Myanmar's junta said it has arrested five former student dissidents in the past week to prevent unrest and terrorist attacks, in its first explanation for a crackdown on pro-democracy activists, official media reported on Tuesday.
The military government appeared to blame what it called pending terrorist plots on recent US-led efforts to put Myanmar on the UN Security Council's agenda -- a historic decision that would let the council more closely scrutinise Myanmar's military government and the plight of its people by asking for briefings by UN officials and adopting resolutions.
Police detained the former student leaders starting September 27, when the political party of detained Nobel Peace Prize laureate Aung San Suu Kyi marked its 18th anniversary.
Those detained were prominent activists who had served prison sentences, some for over a decade, for leading a 1988 pro-democracy uprising.
The former student leaders called themselves the "88 Generation Students Group," which has been accused by the government of trying to destabilise the country.
"Authorities have taken in members of the 88 Generation Students Group ... for questioning in order to prevent unrest and instability in the country," said a government statement published Tuesday in the official Kyemon newspaper.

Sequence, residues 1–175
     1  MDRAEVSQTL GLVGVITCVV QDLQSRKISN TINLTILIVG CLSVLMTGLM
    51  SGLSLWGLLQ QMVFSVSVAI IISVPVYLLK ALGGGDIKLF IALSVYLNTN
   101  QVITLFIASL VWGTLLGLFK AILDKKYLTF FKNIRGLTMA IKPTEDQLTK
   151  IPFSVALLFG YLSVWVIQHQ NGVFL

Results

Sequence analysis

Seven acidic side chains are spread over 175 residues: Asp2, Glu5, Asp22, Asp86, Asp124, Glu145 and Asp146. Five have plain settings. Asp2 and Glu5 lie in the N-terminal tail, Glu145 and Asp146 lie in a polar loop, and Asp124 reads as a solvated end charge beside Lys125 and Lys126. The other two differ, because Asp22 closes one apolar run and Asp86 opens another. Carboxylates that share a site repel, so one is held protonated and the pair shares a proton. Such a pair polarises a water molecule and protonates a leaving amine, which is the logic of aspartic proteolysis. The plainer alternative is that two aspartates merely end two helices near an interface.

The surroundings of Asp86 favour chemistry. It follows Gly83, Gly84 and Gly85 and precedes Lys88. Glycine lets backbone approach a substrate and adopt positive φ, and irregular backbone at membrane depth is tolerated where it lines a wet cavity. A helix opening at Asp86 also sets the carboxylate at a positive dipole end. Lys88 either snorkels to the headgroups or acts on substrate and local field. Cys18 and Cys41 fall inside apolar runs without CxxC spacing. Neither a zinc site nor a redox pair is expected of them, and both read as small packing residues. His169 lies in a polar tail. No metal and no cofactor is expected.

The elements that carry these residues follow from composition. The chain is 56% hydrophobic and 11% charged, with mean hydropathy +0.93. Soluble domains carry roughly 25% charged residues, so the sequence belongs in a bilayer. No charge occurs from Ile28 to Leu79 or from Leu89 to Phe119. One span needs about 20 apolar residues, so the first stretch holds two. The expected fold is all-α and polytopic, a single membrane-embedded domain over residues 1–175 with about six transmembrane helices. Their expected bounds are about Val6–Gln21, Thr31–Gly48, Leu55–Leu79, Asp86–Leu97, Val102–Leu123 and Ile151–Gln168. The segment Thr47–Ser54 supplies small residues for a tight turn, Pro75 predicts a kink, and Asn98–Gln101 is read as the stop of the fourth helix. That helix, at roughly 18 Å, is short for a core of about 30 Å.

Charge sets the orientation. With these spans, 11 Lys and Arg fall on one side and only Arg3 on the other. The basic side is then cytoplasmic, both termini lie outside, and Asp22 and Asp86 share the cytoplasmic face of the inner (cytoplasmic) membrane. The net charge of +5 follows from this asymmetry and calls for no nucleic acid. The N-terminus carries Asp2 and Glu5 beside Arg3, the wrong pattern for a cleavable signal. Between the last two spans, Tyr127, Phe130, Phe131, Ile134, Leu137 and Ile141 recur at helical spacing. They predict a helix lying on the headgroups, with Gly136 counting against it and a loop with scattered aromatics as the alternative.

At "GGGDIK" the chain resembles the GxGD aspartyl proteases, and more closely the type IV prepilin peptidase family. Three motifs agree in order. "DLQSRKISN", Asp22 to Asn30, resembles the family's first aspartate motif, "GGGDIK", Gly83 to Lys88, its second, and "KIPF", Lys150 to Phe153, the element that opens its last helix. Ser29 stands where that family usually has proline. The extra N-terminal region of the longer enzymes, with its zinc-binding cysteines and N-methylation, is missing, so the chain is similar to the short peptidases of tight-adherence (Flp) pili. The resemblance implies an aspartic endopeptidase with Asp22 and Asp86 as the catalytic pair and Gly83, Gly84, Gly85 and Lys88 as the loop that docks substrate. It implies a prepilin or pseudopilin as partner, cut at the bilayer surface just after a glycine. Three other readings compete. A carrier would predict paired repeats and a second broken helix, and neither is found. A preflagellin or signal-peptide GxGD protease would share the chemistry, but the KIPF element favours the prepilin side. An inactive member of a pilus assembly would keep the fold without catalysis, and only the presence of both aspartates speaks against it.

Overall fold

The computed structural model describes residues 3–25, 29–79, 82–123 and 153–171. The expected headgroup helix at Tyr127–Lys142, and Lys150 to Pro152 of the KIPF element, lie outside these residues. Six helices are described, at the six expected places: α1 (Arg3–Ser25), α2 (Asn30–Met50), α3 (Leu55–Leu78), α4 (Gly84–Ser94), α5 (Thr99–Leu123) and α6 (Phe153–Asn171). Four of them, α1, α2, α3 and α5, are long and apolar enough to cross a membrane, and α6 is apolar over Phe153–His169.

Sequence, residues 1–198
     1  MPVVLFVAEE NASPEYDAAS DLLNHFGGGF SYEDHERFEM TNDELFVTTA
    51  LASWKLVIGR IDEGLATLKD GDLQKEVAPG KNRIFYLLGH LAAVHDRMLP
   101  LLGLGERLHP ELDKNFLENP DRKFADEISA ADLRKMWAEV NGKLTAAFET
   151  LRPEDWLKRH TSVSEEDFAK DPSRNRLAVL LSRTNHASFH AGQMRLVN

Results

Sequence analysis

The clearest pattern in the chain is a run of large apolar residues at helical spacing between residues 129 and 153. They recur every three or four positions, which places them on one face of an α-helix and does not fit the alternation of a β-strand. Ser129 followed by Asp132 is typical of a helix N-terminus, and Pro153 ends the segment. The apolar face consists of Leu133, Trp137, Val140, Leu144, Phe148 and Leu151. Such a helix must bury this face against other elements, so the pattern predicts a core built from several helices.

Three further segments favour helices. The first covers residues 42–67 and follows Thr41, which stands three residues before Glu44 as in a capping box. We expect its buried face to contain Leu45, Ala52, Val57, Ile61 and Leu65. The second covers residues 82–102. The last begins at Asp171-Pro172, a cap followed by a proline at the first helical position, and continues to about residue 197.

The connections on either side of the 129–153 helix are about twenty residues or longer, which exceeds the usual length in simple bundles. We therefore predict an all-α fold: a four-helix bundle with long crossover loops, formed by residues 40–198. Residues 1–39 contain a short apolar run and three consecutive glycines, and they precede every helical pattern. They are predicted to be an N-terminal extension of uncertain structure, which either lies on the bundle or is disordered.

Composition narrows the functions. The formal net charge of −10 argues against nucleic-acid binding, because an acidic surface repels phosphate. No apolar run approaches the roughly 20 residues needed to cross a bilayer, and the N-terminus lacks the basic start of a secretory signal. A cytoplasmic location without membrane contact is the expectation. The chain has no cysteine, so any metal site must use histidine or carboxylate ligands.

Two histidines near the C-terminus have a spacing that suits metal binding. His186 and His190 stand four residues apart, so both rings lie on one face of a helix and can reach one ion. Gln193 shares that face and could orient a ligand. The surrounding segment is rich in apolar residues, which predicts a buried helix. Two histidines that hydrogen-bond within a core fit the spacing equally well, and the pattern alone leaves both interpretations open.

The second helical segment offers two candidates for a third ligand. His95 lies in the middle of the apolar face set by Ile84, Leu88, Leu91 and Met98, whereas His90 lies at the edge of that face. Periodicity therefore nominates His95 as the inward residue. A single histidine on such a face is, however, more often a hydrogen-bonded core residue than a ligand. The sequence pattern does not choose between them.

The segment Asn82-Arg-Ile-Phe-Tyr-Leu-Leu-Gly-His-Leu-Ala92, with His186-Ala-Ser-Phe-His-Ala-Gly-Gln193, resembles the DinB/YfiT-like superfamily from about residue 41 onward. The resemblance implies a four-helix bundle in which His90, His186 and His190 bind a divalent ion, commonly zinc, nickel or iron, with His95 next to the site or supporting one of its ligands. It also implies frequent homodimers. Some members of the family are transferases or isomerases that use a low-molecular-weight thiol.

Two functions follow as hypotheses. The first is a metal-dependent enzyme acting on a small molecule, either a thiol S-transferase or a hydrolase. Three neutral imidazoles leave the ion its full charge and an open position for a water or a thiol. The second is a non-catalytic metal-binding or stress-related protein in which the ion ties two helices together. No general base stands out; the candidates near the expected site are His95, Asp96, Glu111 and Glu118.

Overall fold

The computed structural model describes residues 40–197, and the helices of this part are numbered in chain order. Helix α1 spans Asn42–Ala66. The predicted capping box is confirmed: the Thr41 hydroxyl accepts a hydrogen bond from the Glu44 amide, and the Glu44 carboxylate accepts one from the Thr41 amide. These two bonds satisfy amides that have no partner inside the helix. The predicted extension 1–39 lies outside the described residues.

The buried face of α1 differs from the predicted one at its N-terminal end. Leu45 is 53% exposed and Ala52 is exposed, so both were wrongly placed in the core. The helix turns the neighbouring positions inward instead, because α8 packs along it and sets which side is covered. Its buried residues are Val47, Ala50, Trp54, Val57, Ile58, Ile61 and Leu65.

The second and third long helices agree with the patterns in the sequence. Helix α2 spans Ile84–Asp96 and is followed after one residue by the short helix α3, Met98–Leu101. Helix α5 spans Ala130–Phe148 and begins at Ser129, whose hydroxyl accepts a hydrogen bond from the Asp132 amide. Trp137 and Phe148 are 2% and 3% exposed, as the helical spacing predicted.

"Information had been received that internal elements are plotting to create unrest and launch terrorist attacks in the country at a time when the US-led attempts to put Myanmar on the UN Security Council allege that Myanmar's affairs constitute a threat to international peace and security," the statement said.
The paper said authorities had received information that exiled groups and rebels had formed a committee with politicians, student activists and certain members of Suu Kyi's National League for Democracy party, to incite domestic unrest and instability.
The statement named all five activists, including Min Zeya, 45, and Pyone Cho, 40, who were taken from their homes Saturday after sending the junta's chairman a letter inquiring about the status of three other activists detained on Wednesday.
Last Wednesday, the military had picked up Min Ko Naing, Ko Ko Gyi and Htay Kywe -- three supporters of detained pro-democracy leader Suu Kyi -- from their homes. The three have not been seen since.
The military junta took power after crushing the 1988 pro-democracy movement.
It refused to yield two years later when Suu Kyi's political party won a landslide victory in general elections.
Suu Kyi has spent nearly 11 of the last 17 years in detention, mostly under house arrest, despite worldwide calls for her freedom along with hundreds of other political prisoners.
Other members of the former students' group said on Monday they had started a petition drive to demand the release of Suu Kyi and detained political prisoners.
They garnered 2,000 signatures on the first day, said an activist who identified himself only as Jilmurraymmy to avoid official harassment.
The junta does not tolerate dissent and often arrests critics. The Washington-based US Campaign for Burma has said that a sixth activist, lawyer Aye Myint, was also recently arrested.
The government's statement did not mention him.